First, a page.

If you have a mole that concerns you, your healthcare professional typically can let you know if it's normal or needs to be studied more. Your healthcare professional may send you to a doctor who specializes in skin disorders, known as a dermatologist, for diagnosis and treatment.

It's a good idea to arrive for your appointment well-prepared. Here's some information to help you get ready.

What you can do

  • List any changes you've noticed or any new symptoms you're having. Include any that may seem unrelated to the reason why you scheduled the appointment.
  • Bring a list of all medicines, vitamins or supplements that you take.
  • If you've had a melanoma or a mole removed in the past, note the location of the lesion and the date of removal. If you have the biopsy report, bring it with you.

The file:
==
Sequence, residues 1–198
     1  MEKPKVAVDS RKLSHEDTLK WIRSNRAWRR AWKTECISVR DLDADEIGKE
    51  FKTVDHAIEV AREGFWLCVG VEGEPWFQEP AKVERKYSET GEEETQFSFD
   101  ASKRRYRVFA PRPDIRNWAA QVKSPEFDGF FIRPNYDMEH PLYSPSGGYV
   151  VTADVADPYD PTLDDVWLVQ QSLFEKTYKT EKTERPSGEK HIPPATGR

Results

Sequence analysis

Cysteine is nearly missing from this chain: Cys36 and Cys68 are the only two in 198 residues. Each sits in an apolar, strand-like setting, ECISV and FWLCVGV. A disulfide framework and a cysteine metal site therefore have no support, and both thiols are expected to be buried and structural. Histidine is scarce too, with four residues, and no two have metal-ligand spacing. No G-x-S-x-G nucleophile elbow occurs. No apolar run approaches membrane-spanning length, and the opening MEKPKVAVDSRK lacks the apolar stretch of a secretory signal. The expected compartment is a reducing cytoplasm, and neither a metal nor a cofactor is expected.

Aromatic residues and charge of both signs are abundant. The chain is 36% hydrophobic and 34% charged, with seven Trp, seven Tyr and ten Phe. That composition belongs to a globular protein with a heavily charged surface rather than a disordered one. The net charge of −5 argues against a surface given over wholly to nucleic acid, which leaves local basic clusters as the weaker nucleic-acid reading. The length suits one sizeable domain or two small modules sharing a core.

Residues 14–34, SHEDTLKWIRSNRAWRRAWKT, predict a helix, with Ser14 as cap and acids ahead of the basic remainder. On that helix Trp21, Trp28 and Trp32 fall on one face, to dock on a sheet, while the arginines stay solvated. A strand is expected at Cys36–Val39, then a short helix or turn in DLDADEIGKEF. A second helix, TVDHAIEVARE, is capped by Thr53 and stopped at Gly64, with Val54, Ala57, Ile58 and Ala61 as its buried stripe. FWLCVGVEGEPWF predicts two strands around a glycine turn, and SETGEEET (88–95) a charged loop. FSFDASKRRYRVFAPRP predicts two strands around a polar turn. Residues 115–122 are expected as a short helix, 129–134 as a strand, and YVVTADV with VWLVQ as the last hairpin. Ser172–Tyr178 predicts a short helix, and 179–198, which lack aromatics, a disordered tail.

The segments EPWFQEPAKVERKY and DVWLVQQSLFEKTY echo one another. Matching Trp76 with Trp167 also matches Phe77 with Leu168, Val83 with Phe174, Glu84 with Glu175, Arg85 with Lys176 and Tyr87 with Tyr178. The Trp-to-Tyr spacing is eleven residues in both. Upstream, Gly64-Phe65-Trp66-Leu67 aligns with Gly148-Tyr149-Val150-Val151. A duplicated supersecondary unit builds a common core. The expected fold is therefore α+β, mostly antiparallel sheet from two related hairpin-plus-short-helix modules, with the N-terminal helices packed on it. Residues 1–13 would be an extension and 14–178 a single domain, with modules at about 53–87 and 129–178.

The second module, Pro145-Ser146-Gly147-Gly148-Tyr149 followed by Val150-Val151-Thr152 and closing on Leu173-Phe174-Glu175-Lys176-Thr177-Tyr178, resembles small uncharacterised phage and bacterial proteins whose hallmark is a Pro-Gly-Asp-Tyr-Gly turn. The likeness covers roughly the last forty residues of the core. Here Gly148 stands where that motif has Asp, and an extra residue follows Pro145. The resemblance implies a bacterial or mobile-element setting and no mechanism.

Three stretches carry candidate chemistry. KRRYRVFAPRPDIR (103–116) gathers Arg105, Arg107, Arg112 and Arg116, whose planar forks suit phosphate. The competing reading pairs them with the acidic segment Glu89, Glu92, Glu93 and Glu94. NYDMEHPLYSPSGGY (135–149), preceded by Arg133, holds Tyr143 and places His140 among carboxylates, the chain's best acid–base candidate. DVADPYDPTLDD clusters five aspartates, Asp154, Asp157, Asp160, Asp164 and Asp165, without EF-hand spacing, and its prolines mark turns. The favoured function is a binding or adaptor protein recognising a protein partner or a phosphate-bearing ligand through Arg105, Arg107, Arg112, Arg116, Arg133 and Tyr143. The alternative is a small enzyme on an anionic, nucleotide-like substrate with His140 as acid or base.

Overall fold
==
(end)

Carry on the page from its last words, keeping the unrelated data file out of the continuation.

• Don't wear makeup or opaque nail polish to your appointment. These products make it hard for your healthcare professional to do a thorough exam.
  • List questions to ask your healthcare professional.

For moles, some basic questions to ask your healthcare professional include:

  • Do you think this mole might be cancerous?
  • What's the best course of action?
  • How can I tell if a mole needs to be looked at?
  • Can I keep more moles from growing?
  • Do you have any brochures or other printed material that I can take home with me? What websites do you recommend?

In addition to the questions that you've prepared, don't hesitate to ask questions during your appointment.

What to expect from your doctor

Your healthcare professional is likely to ask you several questions, such as:

  • When did you first notice this mole?
  • Have you always had it, or is it new?
  • Have you noticed any changes in this mole, such as its color or shape?
  • Have you had other moles surgically removed in the past? If so, do you know if they were unusual, known as atypical nevi, or malignant?
  • Do you have a family history of atypical nevi, melanoma or other cancers?
  • Have you had peeling sunburns or frequently been exposed to UV radiation, such as from tanning beds?

Content From Mayo Clinic Updated: 12/14/2023